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Rheumatoid Arthritis is progressive (symmetrical) form of autoimmune arthritis, usually involving the small joints of the hands and/ or feet.
All of these inflammatory arthritis diseases are systemic in nature. They affect multiple systems and we need to know the relationship between the different systems and the different conditions that they might be related to.


If you want to learn more about this topic, you can watch Jack March's lecture here:

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Here are some systems that can be affected and related in rheumatology:

Musculoskeletal system

Typically rheumatoid arthritis affects the synovium of the small joints, the MCPJs and the MTPJs of the hands and feet. But what also happens with rheumatoid arthritis is, it can also affect the tendons. So we get things like tenosynovitis as well, and there is a bit of an overlapping picture with regards to the joint and the tendon. In conditions like axial spondyloarthritis, ankylosing spondylitis and psoriatic arthritis which are primarily enthesitic disorders the inflammatory process is affecting the enthesis of joints, where the tendon blends to bone and that’s where the inflammatory reaction occurs.

Integumentary system

In spondyloarthritis usually psoriasis occurs and in some connective tissue disorders we find rashes. About 1 in 4 patients with psoriasis go on to develop some form of related arthritis. The more severe the skin psoriasis is, the more likely they are going to develop an arthritis.

Digestive system

When we consider the digestive system, it's mostly Crohn’s disease or Ulcerative Colitis which occurs. These diseases are related to spondyloarthritis. There's about a 1 in 4 chance of developing an arthritis within 6 years of Crohn’s disease diagnosis.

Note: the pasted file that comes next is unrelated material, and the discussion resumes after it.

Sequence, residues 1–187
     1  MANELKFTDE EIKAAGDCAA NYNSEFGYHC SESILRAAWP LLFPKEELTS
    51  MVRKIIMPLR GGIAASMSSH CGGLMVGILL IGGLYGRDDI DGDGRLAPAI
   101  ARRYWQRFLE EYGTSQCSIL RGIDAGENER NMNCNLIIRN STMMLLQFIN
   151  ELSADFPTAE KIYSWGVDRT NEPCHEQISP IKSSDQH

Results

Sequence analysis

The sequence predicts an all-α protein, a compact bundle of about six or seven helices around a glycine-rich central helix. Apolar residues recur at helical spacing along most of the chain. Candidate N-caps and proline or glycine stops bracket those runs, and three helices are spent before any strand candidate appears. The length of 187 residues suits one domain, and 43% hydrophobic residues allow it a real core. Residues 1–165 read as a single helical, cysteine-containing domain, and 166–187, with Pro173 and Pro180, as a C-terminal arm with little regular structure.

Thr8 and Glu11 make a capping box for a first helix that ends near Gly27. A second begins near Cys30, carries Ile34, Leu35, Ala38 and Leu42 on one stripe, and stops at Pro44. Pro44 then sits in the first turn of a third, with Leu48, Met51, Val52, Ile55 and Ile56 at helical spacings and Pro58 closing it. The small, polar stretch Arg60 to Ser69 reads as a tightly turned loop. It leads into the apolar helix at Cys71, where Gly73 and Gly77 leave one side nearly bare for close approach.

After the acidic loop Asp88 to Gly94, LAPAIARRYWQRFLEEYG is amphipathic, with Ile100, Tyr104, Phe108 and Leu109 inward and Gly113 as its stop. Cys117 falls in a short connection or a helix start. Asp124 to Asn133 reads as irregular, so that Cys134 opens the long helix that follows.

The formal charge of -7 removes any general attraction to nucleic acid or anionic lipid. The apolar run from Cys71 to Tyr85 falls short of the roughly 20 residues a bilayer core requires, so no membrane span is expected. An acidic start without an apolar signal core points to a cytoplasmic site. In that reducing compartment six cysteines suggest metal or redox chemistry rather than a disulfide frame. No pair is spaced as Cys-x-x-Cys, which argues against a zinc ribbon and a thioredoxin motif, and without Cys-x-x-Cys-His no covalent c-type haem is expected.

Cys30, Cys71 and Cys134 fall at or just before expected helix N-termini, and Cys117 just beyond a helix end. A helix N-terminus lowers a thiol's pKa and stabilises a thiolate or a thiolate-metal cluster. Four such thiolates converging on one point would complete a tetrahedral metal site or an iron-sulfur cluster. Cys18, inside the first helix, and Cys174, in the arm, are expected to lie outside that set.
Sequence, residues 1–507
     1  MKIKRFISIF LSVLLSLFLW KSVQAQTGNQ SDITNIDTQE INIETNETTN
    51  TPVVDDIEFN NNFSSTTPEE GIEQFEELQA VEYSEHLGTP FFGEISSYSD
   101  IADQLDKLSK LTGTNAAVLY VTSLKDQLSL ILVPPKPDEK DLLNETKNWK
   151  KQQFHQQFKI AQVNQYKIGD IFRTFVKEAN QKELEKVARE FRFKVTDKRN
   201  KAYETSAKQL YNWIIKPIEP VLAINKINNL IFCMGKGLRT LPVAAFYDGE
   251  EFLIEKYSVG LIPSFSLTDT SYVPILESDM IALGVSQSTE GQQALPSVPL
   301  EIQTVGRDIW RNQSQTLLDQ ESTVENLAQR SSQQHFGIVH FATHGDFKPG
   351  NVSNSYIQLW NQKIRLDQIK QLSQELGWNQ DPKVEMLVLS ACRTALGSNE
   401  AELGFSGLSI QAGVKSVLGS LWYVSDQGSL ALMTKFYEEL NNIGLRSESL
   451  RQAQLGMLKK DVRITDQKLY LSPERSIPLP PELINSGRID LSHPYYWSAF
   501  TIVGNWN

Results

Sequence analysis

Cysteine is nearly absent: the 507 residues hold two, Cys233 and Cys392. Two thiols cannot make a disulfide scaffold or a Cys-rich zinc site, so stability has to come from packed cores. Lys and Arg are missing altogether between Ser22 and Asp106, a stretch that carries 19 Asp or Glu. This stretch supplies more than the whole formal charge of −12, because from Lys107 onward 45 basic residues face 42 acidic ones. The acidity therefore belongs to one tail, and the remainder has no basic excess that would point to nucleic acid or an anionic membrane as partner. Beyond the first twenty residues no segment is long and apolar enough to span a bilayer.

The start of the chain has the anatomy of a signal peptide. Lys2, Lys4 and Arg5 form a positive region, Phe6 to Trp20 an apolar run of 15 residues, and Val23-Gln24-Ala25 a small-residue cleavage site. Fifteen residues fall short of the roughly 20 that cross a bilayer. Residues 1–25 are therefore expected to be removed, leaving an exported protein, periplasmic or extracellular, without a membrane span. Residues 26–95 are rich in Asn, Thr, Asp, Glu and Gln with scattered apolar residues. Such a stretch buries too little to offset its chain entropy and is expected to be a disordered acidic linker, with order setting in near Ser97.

Ocular system

In the ocular system, we are usually looking for iritis and uveitis. These are acute inflammatory conditions of the eye which are very common. It’s estimated approximately 50% of people who attend emergency clinic for their eye with uveitis have an undiagnosed spondyloarthritis.

Neurological system

Typically, rheumatoid arthritis, spondyloarthritis, they're not affecting the neurological system particularly, but lupus does. There are various types of lupus. They're all quite complex and they can affect the neurological system.

Cardiovascular system

Rheumatoid arthritis and spondyloarthritis do affect the cardiovascular system, but this is much further down the disease. They do not present at the time of their onset of symptoms with cardiovascular symptoms. But the ongoing inflammation over a long period of time does affect, especially the blood vessels, causes atherosclerosis and may lead to strokes and heart attacks. But this is after 30 or 40 years of having rheumatoid arthritis.

Reproductive system

The other thing that we’re looking for in connective tissue disorders is the reproductive system being affected. There is a component of lupus which is called antiphospholipid syndrome, which causes miscarriages in women. So what we would be looking for typically would be a widespread type pain syndrome, but also on the background of multiple miscarriages.

Watch this clip from the lecture ‘Rheumatology Red Flags’ by Jack March on Trust me-Ed to know how multiple systems are involved in RA.

If you want to learn more about this topic, you can watch Jack March's lecture here:

Click here



1. Lecture ‘Rheumatology Red Flags’ by Jack March on Trust me-Ed

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